Pivot podcast host Scott Galloway: ‘Tech bros conflate luck with talent’

Scott Galloway is an American professor of marketing at New York University Stern school of Business. He has founded and sold several tech firms, and served on the board of directors of companies such as the New York Times and Urban Outfitters. With tech journalist Kara Swisher he co-hosts the hugely popular tech and business podcast Pivot. He is a fierce critic of tech companies and their business models and he has written five books, the latest of which is The Algebra of Wealth: A Simple Formula for Economic Security.

You spend a lot of time with wealthy and successful people. Do they have any common habits?
Well, the most common attribute I’ve registered is they were born at the right place at the right time. What I’ve found is that the majority of people’s success is not their fault. And I think something that plagues people, especially tech bros, is they conflate luck with talent. But across those who excel, the thing I have found is that if you want to be successful, you need to collect allies along the way. There’s this cartoon of Monty Burns in The Simpsons, the guy who owns the power plant, who has no friends, who lights cigars with a hundred dollar bill. But what I have found is that really wealthy people are constantly put in rooms of opportunities, because from a young age they’ve acquired allies.

You say that when picking a vocation you shouldn’t follow your passion.
The people telling you to follow your passion are already rich. Your job in your 20s is to find something you’re good at, that you could be great at. When there are too many people in high-romance industries – fashion, sports, nightclubs, restaurants – consumers and companies don’t have to pay you a lot. What I’ve found is if you find something you’re good at with a high employment rate, the accoutrements of mastery of that business – economic security, camaraderie, prestige – will make you passionate about that thing. Anything that provides security for your kids, your parents, and lets you do the incredible things that capitalist society affords will make you passionate about whatever that thing is.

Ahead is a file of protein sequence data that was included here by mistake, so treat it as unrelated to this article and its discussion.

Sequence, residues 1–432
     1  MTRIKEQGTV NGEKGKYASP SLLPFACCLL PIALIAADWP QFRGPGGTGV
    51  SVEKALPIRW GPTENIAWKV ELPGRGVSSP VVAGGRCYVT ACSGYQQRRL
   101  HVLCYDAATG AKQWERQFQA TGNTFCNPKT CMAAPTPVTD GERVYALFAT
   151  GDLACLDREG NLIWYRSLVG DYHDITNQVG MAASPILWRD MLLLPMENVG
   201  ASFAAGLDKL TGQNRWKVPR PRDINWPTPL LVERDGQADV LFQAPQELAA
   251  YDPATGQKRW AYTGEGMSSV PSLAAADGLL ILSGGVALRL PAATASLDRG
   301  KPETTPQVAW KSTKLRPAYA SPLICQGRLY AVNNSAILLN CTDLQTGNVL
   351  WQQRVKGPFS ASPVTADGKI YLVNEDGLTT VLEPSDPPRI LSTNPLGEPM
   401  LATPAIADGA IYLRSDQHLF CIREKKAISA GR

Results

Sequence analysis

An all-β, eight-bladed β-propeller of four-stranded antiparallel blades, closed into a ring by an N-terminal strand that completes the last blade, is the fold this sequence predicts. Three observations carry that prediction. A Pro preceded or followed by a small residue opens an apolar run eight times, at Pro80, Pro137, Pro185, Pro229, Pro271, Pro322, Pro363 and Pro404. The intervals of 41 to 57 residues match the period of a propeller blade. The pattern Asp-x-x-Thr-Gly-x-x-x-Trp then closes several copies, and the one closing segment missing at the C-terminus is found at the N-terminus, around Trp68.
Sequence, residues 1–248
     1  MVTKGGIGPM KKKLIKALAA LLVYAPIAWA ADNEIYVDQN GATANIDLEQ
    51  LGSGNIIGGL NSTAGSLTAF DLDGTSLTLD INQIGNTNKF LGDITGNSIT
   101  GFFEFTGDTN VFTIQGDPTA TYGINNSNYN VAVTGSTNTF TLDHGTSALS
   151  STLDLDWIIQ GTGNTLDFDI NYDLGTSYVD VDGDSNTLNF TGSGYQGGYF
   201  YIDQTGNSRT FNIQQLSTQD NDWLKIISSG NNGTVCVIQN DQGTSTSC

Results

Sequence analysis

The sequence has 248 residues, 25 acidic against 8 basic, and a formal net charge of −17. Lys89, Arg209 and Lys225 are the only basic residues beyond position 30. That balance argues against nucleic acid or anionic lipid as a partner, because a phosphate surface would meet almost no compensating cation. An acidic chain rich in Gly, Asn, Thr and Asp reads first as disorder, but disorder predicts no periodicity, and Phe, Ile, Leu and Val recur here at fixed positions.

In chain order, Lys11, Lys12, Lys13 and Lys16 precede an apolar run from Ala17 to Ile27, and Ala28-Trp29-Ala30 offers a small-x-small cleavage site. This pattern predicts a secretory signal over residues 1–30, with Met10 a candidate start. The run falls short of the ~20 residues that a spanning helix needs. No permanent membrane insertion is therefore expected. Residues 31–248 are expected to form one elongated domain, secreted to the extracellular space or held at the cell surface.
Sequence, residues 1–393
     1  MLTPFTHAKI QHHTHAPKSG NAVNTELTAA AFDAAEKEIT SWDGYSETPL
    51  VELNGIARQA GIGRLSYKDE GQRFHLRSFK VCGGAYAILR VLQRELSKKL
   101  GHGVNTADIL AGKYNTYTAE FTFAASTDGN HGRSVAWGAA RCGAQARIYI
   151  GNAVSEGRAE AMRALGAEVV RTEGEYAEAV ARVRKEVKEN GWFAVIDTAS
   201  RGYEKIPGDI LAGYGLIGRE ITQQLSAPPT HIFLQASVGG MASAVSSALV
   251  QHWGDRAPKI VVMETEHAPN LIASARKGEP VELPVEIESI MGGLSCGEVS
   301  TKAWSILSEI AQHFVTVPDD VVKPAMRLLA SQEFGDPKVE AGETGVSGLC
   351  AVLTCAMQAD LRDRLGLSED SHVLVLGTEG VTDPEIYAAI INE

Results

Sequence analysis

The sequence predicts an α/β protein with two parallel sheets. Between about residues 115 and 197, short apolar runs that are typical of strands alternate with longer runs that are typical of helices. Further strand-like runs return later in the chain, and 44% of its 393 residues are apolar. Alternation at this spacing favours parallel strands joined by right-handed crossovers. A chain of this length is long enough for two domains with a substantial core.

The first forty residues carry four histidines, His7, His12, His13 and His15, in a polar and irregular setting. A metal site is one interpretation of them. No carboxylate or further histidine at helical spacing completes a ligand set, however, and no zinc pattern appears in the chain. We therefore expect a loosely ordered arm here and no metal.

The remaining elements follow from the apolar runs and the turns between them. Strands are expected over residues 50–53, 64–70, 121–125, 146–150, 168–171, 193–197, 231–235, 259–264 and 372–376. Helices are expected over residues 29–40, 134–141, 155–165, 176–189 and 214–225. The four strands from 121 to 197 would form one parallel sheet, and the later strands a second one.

A lot of wealth has transferred and accumulated with older generations who have pulled up the drawbridge and aren’t willing to change the system. Why should the young engage in a structure that’s stacked against them?
In the US we basically have seniors voting, and seniors who vote themselves more wealth. In the US, the two biggest tax deductions are mortgage interest and capital gains. Who owns homes and stocks? People my age. Who rents, who makes all of their money from current income? Young people. Even in Covid we flushed [paid out in stimulus] $5tn in the US, and 60% of payments to individuals were not spent. They were saved and used to pay down debt. Which sent housing prices skyrocketing. It sent stocks skyrocketing. Which is great if you own stocks and houses, if you’re an incumbent. But if you’re an entrant trying to buy a house or hoping some day to start buying stocks yourself, everything’s too expensive. And even worse, we’ve put it on the credit card of the young people. They will pay for it. It’s just a transfer of wealth from the young to the old.

Technology promised to democratise knowledge, make it simpler to build networks and start businesses. But it hasn’t delivered.
It’s a double-edged sword, because 25-year-olds are watching [videos about the psychologist] Daniel Kahneman on TikTok. They have apps that round up their purchases to the nearest dollar and it immediately gets invested in a stock market tracker. And then if they do that, by the time they’re 40, they’re going to have a lot of money. So there’s some amazing things about technology. They’re also, though, fighting some real winds in their face. Technology is constantly trying to seduce you with the perfect offer at the perfect time to take all of your disposable income.